Photos Courtesy By Xavier Athletics
Kareemah A. Muhammad Data News Weekly Contributor
For athletic programs at Historically Black Universities, it is once again “Prime Time.” The National Student Clearinghouse Research Center found that since the Pandemic, more Black top-level high school athletes are committing to HBCUs at a rate not seen in recent years. While college enrollment has been down across the nation, HBCUs have seen a reverse trend with an uptick in enrollment and their athletic programs have been put in the spotlight.
Public figures such as Professional Football Hall-of-Famer Deion Sanders, who has led the Jackson State University Tigers for two years (2020 to 2022) as head football coach revived Jackson’s football program and provided the Mississippi HBCU with its first undefeated season ever.
Prime, who is a Florida native, brought national broadcast networks and major celebrities back to the HBCU campus to spotlight the iconic half-time performances and the tailgate experience, as well as the talent. “Coach Prime’s” main strategy was also securing high level recruits. He drew five-star recruit Travis Hunter straight out of his high school career, making Hunter the first highest-ranked prospect to select an HBCU.
In other popular sports, four-time NBA Championship Winner Shaquille O’Neal’s son, Shaqir O’Neal, committed to play basketball at HBCU Texas Southern University. While Sanders recently accepted the head coach position at the University of Colorado-Boulder, student athletes in the past said they were often told that HBCU athletic programs could not take their careers to the next professional level. However, now HBCU student athletes are increasingly being considered for professional teams, which has changed the college possibilities for Black student-athletes.
“To be able to see top Black high-school basketball players show interest in HBCUs, then deciding to commit is really inspiring,” said Lance Williams, a sophomore guard on the men’s basketball team who is from Baton Rouge and is studying Business Management. “It makes me feel like I made the right decision, and it makes others recognize that HBCUs can compete at the same level of all of the top PWIs sports too,” Williams said.
HBCUs do not always have the same resources. Prime took a salary of $300,000 at Jackson State and is reported to earn roughly $5.9 million a season and a total of $30 million for a 5-year deal. HBCUs are often overlooked by Black student athletes as predominantly White institutions are said to put forth more money, and resources into their programs, which ultimately attracts more top athletes seeking a professional career after college. However, in most recent years, that has all started to change.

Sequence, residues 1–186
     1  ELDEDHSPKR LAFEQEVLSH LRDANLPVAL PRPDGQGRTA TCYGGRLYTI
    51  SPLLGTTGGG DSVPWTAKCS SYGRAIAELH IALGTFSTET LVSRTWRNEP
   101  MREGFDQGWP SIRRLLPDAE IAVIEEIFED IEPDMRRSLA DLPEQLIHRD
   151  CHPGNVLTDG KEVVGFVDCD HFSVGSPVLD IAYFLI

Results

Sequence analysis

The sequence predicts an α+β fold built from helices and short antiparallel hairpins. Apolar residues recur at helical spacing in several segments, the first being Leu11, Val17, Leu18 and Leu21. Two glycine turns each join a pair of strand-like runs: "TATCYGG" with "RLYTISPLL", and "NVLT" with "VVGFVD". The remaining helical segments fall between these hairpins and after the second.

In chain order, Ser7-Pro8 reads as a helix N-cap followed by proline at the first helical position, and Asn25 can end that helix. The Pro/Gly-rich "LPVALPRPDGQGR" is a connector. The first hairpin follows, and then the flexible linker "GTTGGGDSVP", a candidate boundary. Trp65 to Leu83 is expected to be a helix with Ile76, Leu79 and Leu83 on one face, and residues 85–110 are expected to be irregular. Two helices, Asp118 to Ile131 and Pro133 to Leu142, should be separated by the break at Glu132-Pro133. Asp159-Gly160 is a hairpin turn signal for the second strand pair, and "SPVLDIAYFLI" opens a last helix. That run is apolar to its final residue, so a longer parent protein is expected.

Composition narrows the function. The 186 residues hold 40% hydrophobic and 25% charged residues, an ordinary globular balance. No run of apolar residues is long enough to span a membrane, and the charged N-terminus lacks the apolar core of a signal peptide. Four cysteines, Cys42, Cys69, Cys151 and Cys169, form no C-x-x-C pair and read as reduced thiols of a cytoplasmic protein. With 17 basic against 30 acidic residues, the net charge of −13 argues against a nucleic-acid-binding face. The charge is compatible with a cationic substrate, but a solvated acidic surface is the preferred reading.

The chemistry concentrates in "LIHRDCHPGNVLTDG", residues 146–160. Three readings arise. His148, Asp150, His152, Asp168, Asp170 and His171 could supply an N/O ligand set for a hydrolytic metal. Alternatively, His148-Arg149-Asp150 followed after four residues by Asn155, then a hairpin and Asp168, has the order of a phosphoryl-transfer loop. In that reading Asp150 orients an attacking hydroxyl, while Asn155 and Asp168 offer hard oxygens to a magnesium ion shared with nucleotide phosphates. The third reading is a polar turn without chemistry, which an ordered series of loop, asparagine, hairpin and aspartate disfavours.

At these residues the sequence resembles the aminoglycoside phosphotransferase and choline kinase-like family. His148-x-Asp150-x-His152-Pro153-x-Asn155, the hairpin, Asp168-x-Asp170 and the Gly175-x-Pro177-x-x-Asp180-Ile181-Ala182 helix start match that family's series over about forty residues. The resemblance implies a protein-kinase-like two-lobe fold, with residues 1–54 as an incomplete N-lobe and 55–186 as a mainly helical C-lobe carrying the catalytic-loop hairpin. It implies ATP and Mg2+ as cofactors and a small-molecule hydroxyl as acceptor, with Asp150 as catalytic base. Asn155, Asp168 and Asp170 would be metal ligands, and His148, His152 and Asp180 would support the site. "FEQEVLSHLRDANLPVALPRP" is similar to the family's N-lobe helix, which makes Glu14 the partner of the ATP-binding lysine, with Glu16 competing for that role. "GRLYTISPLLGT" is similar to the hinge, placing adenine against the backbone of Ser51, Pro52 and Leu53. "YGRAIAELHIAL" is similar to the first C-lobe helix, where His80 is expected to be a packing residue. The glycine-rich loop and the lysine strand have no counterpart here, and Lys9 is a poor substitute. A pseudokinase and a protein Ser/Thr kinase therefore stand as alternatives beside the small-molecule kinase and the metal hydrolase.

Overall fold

“Growing up in Los Angeles top football players going to HBCUs wasn’t really promoted nor were HBCUs heavily recruiting on the west coast either,” said retired NFL player and University of California Los Angeles alumnus, Gaston Green Muhammad.
“Although I am grateful for my journey, I thought I had to go to a school like UCLA or USC to get to the NFL. Knowing what I know now, I wish I would have been more open about going to an HBCU. The culture that surrounds HBCUs and being in a program that is meant for Black student-athletes is special. If I would have known then what I know now, I might have done things a lot differently,” Green Muhammad said.
The Mid-Eastern Athletic Conference (MEAC) found that since 2020 Morgan State University (MSU) and Howard University have had a 60-percent and 11-percent increase in applications with a 9-percent and 28-percent increase in enrollment since 2019.
“People are able to see the diversity that surrounds these HBCUs, and they gravitate towards them. When you crave that sense of authenticity that HBCUs carry, it is hard to look away,” Williams added.
Some of the biggest obstacles HBCU athletic programs have to face is the lack of funding and resources needed to attract and keep top recruits. Highlighting and promoting the success for HBCU programs and athletics becomes difficult in comparison to PWIs where their accomplishments hit the national stage for more regularly, which puts their athletes in the eyes of the professional teams, students said.
The lack of funding from HBCUs introduces another obstacle as they are not always able to provide full athletic scholarships, which is especially needed given that HBCU students are more likely to come from lower income families in comparison to other institutions.
However, what HBCU athletic programs lack in resources they offer in rich pride in fostering a cultural environment that appeals to Black student-athletes.
“I feel like regardless of the sport, it’s really cool to see top athletes that are well known show love to HBCUs,” said Tracy Steele, a sophomore guard on the men’s basketball team who is from North Little Rock, Ark. “It has really initiated a strong force of recognition for HBCUs that’s well deserved and I’m grateful to be a part of that change as well,” Steele added.